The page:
Project AirGig gets closer to initial commercial deployment
Via AT&T News Room
Sep 11, 2018
AT&T in Discussions with Technology Suppliers for Equipment to Bring Super-Fast Internet to Suburban and Rural Areas over Power Lines
In order to take the next step towards commercial deployment, we’ve initiated discussions with technology suppliers to start testing and building commercial-grade Project AirGig equipment. We’re also exploring another field trial in which we’ll focus on aspects of surface-wave systems, which could provide an important ingredient in a future 5G world.
This is an important next step to scale Project AirGig and bring this technology to many more people and businesses across the country. With 5G around the corner, timing couldn’t be better. We think Project AirGig and 5G have a lot of natural synergies, and we plan to test 5G paired with AirGig in the future.
While we don’t have a date for commercial deployment of AirGig just yet, we’re moving closer to that moment every day. Next year, we’ll look to expand field trials with our technology supplier with a goal of eventually making gigabit-speed internet as widespread as electricity.
“Two years ago, AT&T revealed breakthroughs by researchers at AT&T Labs that became what we now call Project AirGig. It uses the power grid, which reaches almost every American, to deliver broadband internet,” said Andre Fuetsch, President, AT&T Labs and Chief Technology Offer. “We’ve applied for more than 500 patents for AirGig and conducted field trials both in and outside the United States. And today, we’re confident that we’re on the cusp of a technology that could potentially help to solve the digital divide in this country.”
Encouraging trial learnings
Last year, we launched a trial of Project AirGig technology in Georgia with Georgia Power and have been encouraged by the results. In that trial, we provided a fixed wireless application to a number of participating homes. It used a combination of mmWave and LTE spectrum.
Here’s what we did in the trial, and what we learned:
- We used plastic antenna prototypes installed along the utility poles and observed no degradation of the mmWave signals during rain and other weather events.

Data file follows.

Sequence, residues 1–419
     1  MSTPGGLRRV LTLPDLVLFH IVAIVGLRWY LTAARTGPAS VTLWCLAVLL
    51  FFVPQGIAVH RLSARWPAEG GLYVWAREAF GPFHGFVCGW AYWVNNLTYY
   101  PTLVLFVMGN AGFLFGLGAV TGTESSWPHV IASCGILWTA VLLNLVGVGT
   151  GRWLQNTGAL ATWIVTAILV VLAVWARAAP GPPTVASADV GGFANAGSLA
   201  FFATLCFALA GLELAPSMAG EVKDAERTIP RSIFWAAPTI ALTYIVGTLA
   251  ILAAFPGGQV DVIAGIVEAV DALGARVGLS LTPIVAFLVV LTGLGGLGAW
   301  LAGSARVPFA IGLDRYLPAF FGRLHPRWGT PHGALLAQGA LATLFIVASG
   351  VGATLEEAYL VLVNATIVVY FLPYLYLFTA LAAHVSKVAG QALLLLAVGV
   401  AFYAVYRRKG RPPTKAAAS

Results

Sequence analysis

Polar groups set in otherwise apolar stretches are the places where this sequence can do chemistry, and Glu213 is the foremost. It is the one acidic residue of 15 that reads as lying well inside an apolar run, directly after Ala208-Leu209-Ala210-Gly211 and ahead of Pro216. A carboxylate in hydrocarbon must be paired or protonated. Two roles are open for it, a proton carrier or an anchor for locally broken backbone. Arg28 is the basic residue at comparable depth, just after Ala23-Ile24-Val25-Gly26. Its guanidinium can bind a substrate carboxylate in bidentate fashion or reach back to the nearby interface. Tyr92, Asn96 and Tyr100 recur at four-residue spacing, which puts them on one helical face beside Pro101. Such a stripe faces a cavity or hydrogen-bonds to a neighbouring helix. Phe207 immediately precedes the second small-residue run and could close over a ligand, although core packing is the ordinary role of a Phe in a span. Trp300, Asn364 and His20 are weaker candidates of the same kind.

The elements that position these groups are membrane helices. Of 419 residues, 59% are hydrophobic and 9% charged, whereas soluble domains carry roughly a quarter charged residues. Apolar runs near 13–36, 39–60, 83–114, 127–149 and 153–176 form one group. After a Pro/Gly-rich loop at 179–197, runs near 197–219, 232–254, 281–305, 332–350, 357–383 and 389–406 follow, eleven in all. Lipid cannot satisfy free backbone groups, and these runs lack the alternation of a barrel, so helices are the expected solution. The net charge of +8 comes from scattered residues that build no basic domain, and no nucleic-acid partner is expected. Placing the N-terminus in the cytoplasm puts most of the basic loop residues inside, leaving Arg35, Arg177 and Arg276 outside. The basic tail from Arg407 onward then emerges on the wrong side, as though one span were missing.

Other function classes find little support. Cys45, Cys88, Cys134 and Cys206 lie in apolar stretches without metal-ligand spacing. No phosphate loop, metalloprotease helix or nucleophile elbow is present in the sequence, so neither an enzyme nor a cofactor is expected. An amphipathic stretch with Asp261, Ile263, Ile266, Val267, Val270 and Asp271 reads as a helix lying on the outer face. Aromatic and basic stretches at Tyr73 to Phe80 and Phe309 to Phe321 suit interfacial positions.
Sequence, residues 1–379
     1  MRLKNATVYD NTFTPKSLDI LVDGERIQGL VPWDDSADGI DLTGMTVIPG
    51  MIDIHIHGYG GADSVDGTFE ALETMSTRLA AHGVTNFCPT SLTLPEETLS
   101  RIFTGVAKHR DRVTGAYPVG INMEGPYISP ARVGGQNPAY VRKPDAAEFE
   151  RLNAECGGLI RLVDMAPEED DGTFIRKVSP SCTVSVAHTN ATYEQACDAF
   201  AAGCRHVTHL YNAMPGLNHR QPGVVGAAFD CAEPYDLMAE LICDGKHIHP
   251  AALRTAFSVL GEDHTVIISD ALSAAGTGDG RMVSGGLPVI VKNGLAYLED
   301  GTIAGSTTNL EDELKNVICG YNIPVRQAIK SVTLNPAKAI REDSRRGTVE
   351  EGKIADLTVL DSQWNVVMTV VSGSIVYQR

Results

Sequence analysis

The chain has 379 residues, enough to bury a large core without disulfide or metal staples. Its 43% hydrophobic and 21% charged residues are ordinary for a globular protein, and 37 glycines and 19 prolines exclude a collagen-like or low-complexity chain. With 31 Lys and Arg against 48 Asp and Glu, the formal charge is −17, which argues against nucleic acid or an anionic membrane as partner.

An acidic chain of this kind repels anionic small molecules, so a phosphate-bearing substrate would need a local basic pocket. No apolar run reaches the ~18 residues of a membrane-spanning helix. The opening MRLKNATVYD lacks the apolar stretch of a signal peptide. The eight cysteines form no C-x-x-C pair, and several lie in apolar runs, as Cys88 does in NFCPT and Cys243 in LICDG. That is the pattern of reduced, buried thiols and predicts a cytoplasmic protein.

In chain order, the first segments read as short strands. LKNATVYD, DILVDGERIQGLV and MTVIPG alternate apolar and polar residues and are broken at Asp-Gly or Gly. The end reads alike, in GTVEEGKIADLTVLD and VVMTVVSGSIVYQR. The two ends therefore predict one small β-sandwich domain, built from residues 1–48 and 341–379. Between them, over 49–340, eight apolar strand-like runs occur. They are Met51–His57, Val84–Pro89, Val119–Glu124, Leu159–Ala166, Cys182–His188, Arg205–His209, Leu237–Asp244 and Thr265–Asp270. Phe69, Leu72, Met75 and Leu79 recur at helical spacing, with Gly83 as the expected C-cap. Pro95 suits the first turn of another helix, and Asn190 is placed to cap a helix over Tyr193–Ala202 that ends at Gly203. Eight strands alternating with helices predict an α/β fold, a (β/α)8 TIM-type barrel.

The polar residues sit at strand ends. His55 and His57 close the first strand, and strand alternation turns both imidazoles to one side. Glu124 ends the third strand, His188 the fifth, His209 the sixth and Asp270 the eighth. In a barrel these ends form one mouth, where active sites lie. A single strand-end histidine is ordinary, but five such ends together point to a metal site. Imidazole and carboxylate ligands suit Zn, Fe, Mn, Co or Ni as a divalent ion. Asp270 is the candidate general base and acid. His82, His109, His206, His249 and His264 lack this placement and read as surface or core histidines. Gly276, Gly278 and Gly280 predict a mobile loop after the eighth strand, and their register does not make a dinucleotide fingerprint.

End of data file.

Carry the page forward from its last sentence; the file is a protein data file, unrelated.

- We provided a system which delivered hundreds of megabits per second to a number of residential locations in a rural part of the state. We think these speeds could eventually reach the gigabit range in commercial deployments.
- Trial participants used easy “self-install” receiver equipment, which allowed them to access high speed internet within 10 minutes
These initial results are encouraging for our AirGig R&D team and showed us how this technology can potentially be deployed in suburban and rural neighborhoods on a commercial scale. It was also encouraging for Georgia Power.
“We share in the AT&T’s excitement about what we saw in this Project AirGig trial,” said Paul Bowers, CEO, Georgia Power. "The potential ability to also use this technology to supplement our own energy operations and controls, such as with remote weather monitoring systems, is exciting. We can see something like AirGig delivering tremendous benefits in helping to solve for the digital divide in Georgia.”
What is Project AirGig?
High speed internet has become nearly as essential to modern life as electricity. We push buttons on our phones and a car shows up. Anything we want is a click away. We can get degrees online. However, unlike electricity, high speed internet is still not available to everyone. Nearly a third of the country lacks high-speed or broadband internet access.
Enter Project AirGig. AT&T Labs invented items like low-cost plastic antennas, a radio distributed antenna system (RDAS), mmWave surface wave launchers and inductive power devices.
The RDAS reconstructs signals for multi-gigabit mobile and fixed deployments. With the RDAS, we found a system design to effectively deliver not just broadband, but also mobile traffic. The mmWave surface wave launchers can power themselves via inductive power devices without a direct electrical connection. These devices then create a high-speed signal that travels along or near the wire – not through it. This signal means connected experiences become an everyday reality for more people – even in locations considered difficult to serve before the advent of Project AirGig.
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